At the end of 2015 I was diagnosed with PCOS. PCOS is the acronym for the condition poly-cystic ovary syndrome. I had heard of this prior to my diagnosis but I didn’t really understand what it meant. Or what it might mean to “suffer” with this. Honestly, if my sister hadn’t pestered me to get a doctor’s appointment, I might still not know about this condition.
So what is PCOS, and how does it affect women? In it’s simplest terms, it means that women who suffer from tend to have some irregular sacs or cysts around their ovaries. In more complex terms, it can cause hormonal imbalances; potential insulin resistance; increased cortisol levels; excess testosterone and androgen; and irregular, heavy periods.
As with many conditions, not everyone is affected in the same way. One of the main things, that is usually more noticeable, is an increase in body hair. I’m looking at you snail trail, and moustache! I feel somewhat lucky in this respect as I only have a few darker hairs around my belly button, but even then it can make me feel a little self-conscious. For the people affected, they may notice that they quite have the regular periods that we are all taught about in school. One every two months is not normal, and if yours are like that please go and arrange a doctor’s appointment. Although there’s no cure, it may help you manage other health conditions you have.
Since Being Diagnosed with PCOS
Since my diagnosis I have noticed a couple of things. I thought the main reason that I struggled to lose weight was because I was getting older and my metabolism had slowed down. We are all told that so naturally that’s what I assumed the issue was. I mean, if I really try, I can drop weight but it is a lot more effort than it used to be. And now, I’ve found that even if I’m eating right, I will put weight on each week. Only a little, but enough for it to start causing some concern. That’s the main reason I started up my fitness diaries. (You can read the latest one here.)
By the way, my main reason for concern with increased weight is that I am now more at risk, than someone without PCOS, to get type 2 diabetes. Because I really don’t want this, I am trying what I can to make the changes I need.
I wanted to record the different ways I was trying to make positive changes and see what would work best for me. From the looks of it, 20 mile walks a day are the only things that have made any significant impact. Even when I started calorie counting, and was on 1200cals a day, I was still unable to make any real dents in my fat content. It kinda makes you feel like you’re doing something wrong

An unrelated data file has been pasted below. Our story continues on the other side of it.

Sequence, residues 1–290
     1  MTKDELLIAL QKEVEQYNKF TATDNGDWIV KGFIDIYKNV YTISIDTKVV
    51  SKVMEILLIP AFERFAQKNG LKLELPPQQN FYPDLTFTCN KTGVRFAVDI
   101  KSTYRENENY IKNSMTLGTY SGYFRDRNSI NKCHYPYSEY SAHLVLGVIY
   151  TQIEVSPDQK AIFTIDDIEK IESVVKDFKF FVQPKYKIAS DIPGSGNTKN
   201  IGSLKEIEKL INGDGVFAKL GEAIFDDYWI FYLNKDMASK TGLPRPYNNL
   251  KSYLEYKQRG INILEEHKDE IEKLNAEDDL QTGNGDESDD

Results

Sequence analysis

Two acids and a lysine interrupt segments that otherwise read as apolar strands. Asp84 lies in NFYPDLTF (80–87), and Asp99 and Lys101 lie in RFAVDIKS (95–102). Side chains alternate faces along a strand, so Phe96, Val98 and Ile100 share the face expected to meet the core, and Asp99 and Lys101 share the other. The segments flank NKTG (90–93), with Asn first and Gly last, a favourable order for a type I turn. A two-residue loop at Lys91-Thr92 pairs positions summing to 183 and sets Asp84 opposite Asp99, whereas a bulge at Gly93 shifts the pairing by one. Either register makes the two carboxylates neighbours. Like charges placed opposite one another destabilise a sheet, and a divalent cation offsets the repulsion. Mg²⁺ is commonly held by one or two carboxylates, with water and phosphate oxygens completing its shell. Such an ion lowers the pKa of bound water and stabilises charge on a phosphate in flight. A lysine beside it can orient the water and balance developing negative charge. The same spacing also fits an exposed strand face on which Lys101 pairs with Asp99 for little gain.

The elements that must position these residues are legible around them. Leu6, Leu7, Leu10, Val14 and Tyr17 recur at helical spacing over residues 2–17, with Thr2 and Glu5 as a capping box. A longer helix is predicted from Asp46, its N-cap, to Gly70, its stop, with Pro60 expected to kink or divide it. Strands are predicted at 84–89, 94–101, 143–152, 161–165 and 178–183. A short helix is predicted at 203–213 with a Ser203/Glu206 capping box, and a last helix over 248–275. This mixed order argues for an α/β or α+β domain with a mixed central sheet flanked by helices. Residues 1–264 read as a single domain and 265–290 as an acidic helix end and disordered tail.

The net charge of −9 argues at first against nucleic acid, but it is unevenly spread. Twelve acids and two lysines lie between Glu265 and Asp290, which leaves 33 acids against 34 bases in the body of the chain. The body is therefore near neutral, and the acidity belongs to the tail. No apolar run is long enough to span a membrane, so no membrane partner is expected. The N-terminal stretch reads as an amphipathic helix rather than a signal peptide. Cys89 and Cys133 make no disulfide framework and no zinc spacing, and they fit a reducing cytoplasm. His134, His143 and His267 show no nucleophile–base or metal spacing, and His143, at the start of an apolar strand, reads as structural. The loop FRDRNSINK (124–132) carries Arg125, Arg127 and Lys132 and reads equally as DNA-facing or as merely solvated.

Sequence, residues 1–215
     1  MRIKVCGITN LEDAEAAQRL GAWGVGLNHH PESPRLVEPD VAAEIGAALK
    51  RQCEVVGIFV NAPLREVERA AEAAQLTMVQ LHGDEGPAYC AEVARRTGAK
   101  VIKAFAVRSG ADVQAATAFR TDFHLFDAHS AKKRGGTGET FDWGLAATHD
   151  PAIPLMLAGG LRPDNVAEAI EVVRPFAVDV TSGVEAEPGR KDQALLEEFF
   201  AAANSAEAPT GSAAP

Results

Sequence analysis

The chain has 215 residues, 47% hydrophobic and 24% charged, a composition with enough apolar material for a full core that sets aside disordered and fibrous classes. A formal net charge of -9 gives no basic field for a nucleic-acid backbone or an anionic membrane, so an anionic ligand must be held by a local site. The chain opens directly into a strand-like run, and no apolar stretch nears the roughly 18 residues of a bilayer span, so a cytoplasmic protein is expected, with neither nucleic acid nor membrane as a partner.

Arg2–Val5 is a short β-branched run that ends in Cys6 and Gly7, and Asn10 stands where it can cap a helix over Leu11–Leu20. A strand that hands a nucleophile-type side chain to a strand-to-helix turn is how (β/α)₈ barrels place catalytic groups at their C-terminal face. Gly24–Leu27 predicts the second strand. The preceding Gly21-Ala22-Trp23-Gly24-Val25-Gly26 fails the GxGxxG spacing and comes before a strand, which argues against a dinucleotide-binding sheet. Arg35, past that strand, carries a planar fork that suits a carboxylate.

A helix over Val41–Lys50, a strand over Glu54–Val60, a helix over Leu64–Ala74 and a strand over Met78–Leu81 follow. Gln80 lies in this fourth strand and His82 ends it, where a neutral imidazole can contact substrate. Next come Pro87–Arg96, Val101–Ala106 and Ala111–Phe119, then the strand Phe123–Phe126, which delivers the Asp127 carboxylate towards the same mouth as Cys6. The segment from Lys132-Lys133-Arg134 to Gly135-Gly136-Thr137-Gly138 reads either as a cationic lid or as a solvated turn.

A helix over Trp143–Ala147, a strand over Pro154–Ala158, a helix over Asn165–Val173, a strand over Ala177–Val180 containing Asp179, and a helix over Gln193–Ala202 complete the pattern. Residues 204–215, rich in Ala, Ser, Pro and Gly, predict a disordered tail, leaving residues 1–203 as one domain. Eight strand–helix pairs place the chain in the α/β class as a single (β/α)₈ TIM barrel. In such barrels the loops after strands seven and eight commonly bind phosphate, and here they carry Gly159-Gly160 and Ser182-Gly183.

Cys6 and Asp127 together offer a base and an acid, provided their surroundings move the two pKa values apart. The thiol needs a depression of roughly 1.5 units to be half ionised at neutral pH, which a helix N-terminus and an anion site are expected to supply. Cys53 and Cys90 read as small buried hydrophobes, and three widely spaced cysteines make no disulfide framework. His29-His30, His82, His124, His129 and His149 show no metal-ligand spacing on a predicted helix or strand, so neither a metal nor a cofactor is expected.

Weirdly, a couple of weeks ago I was talking to my mum about not being able to make any headway and how it was getting me down. Proof that my phone listens to my conversations, as I went on facebook shortly afterwards and had a suggested page to like about “Healthy PCOS”. This is a facebook page ran by a guy in Australia, link here. As much as it freaked me out, I’ve found out so much more information about my condition and what I need to do to make the changes that I want.
Unfortunately, for those of us who suffer with PCOS it’s a case of hormonal balance which helps us to lose weight the most. It’s not that regular diets won’t work, just they will be more difficult to maintain. So with my research I’m currently trying a few new tactics, and I’m hoping to write up how this has gone in a few weeks!
It’s weird that not many people are aware of PCOS or its symptoms when an estimated 1 in every 10 women will be diagnosed with this at some point in their life. But there has only been a handful of people, who I’ve mentioned it to, who have known what it is. This could potentially be due to the stigma that women shouldn’t talk about their monthly issues to others.
Find Out More
If you want to know more about this condition, please take a look at this link https://www.nhs.uk/conditions/polycystic-ovary-syndrome-pcos/. This website contains all the medical information that you might need for a mini pre-diagnosis of this condition. If anything does sound familiar to you, do please go and get checked out. You might find it helps more than you realise.
Also, do have a google to see if there any other sites to help. Although it’s something that isn’t spoken about a lot. There is more and more information available each day.
Hasta la fuego